COVID-19 Update: Combatting Misinformation Surrounding the Coronavirus Pandemic

I never imagined that when I left home for spring break I would be saying “goodbye” to one of my best semesters yet and saying “hello” to online courses and social isolation. I write this article as a pre-med student who understands the need for social distancing amidst this public health crisis, but also as someone who wants nothing more than to see everything go back to normal so she can continue to have a great college experience. Hopefully, reading this article will help combat some of the misinformation which has been spreading surrounding the global Coronavirus pandemic and update you all on developments regarding this concerning situation. You can also read my previous article on Coronavirus here!

  1. 1. COVID-19 is now a Global Pandemic, and POTUS has declared a state of National Emergency.

    Coronavirus

    As I’m sure we all know by now, as of March 11, 2020, Coronavirus disease 2019 (COVID-19) has been characterized as a global pandemic by the World Health Organization (WHO). Following this assessment, President Trump issued a proclamation, which declared that America is officially in a state of national emergency. The Centers for Disease Control and Prevention (CDC) expects “widespread transmission of COVID-19” to occur in the United States. The CDC presumes that most of the American population will be exposed to COVID-19 within the next few months, as there is still no vaccine or treatment for this disease. 

    I know this information is really scary and difficult to process, but the silver lining is that there are CDC precautions we can take to try to slow down COVID-19 infection (notice I didn’t say prevent infection entirely). The reality of the situation is that it will take months to develop vaccines and find a cure for COVID-19, which means that if people go about their daily lives as per usual, our healthcare system will be overwhelmed, which could lead us into a situation similar to what Italy is facing. Apart from China, Italy has had the largest number of deaths due to COVID-19, which is in part due to the fact that Italy has the oldest population in Europe, but also because the infection rate increased exponentially without proper social distancing practices.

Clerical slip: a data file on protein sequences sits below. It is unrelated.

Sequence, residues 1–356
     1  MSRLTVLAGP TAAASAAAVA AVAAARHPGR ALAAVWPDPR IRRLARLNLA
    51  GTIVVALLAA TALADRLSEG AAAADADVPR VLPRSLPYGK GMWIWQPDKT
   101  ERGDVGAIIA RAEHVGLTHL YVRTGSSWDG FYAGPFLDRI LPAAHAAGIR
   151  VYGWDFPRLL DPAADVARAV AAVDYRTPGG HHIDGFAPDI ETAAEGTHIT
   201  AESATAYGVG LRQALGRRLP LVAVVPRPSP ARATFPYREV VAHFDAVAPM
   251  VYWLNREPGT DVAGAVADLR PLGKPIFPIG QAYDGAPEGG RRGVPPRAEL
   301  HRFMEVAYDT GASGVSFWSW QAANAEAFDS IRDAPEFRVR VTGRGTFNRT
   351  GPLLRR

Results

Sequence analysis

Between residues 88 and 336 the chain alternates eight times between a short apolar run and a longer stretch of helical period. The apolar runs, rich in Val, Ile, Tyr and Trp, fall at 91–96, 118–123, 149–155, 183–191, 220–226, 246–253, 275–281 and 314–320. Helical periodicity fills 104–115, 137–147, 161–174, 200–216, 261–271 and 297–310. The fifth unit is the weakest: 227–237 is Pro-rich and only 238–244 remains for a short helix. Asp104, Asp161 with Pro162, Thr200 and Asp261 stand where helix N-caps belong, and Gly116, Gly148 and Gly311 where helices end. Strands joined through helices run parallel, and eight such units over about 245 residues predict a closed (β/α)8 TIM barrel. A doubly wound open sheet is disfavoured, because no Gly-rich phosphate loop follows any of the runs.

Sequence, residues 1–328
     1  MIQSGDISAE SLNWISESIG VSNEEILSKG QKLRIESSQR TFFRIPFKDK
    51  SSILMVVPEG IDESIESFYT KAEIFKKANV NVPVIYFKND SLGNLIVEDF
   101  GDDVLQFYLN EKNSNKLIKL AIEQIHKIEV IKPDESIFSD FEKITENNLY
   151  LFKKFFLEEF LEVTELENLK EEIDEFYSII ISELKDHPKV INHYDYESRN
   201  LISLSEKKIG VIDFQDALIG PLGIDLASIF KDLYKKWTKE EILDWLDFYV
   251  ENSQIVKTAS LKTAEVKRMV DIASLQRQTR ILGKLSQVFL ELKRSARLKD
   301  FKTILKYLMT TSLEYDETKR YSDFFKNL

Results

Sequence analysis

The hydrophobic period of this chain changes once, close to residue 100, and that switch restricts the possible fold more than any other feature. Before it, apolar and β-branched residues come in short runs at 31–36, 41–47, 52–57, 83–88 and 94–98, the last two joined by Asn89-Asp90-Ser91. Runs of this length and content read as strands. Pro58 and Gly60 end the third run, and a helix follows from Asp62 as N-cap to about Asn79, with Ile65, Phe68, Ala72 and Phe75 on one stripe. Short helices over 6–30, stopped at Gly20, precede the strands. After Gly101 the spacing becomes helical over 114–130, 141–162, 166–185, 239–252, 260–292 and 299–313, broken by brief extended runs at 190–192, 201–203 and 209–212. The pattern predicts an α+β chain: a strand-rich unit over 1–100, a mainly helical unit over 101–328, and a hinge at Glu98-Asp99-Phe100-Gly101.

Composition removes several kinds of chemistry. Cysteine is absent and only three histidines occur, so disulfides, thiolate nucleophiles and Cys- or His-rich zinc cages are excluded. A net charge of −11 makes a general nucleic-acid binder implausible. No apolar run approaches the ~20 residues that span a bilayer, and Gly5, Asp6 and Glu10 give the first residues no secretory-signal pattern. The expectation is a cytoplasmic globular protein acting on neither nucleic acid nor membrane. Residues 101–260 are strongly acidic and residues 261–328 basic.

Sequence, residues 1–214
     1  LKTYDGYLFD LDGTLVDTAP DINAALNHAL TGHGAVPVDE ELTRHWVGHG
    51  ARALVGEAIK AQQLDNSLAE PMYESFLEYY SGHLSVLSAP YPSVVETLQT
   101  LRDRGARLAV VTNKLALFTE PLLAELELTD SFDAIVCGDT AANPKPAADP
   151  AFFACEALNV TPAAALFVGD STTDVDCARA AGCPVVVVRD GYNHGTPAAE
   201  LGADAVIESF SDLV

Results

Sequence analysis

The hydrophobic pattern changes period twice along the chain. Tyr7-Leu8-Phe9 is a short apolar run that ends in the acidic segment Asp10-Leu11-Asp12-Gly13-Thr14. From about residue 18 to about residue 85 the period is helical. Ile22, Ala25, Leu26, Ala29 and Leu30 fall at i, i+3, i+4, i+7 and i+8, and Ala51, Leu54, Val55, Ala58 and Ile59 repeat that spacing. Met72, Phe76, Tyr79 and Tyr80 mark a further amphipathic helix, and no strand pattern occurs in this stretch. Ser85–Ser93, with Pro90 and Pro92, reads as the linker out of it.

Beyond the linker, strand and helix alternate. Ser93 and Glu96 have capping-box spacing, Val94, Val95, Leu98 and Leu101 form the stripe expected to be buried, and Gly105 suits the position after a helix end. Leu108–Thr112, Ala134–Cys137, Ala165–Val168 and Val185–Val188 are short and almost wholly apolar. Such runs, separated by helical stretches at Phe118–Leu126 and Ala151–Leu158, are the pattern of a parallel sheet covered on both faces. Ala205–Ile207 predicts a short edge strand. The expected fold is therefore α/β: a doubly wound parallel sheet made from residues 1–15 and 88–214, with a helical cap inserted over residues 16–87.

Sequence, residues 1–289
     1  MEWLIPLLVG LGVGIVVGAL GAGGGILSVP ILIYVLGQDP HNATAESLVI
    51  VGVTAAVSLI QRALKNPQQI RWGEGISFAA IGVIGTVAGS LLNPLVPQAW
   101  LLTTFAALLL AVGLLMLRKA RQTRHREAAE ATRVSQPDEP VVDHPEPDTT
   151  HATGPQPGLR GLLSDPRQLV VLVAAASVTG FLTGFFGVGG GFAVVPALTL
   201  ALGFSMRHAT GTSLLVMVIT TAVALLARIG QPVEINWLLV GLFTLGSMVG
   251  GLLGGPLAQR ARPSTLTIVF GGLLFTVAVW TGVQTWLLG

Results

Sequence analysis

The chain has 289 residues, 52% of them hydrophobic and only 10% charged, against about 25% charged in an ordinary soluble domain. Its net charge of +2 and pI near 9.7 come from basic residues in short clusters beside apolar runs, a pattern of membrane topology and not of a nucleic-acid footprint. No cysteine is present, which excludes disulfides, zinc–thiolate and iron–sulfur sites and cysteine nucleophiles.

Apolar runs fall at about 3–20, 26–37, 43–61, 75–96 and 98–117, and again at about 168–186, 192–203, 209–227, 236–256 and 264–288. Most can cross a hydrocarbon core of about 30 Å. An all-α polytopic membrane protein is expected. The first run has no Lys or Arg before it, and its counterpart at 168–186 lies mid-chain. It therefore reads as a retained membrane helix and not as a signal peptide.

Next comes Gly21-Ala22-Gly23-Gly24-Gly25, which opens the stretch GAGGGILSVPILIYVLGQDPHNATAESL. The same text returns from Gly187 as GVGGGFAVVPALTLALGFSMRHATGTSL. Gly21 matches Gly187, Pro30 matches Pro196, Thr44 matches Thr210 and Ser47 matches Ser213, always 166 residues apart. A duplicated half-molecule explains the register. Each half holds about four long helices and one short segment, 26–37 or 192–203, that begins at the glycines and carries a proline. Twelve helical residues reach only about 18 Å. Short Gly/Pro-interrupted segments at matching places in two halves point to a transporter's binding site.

2. 2. Social Distancing is a must

    This is not a mere suggestion, but rather a necessity, and I believe that we are all morally obligated to avoid spreading COVID-19. Spread of infection can be slowed if people practice “social distancing,” which involves an increase in physical space between individuals in order to reduce the chances of the infection spreading. VCU has already employed such practices by switching to online/virtual classes, but there are still other things we can do in order to limit the spread of infection such as working from home (if possible), using electronic devices/applications to talk with people rather than meeting up in person, canceling group events, and of course, washing our hands properly and regularly. 

    For a more visual understanding of how social distancing practices can limit opportunities for infection to spread, click here!

  3. 3. There is a lot of misinformation being spread about COVID-19.

    News magazine covers on a rack, including Time and The Economist

    While scrolling through different social media platforms I felt like there were so many articles and posts claiming to have new information about COVID-19. The biggest thing to remember before stressing out and sharing misinformation is that we should be consulting trustworthy sources such as the CDC and WHO, which are organizations created to handle these particular types of situations. In order to learn about COVID-19 and current efforts to combat it, consider referring to these links: 

    CDC Coronavirus Disease 2019 Outbreak Website

    WHO Coronavirus Disease 2019 Outbreak Website

Hopefully, this article has cleared up some doubts regarding recent COVID-19 developments! Let’s all remember to practice social distancing, proper handwashing techniques, and refer to reputable sources such as the CDC and WHO in the midst of this health crisis! Stay safe, Rams!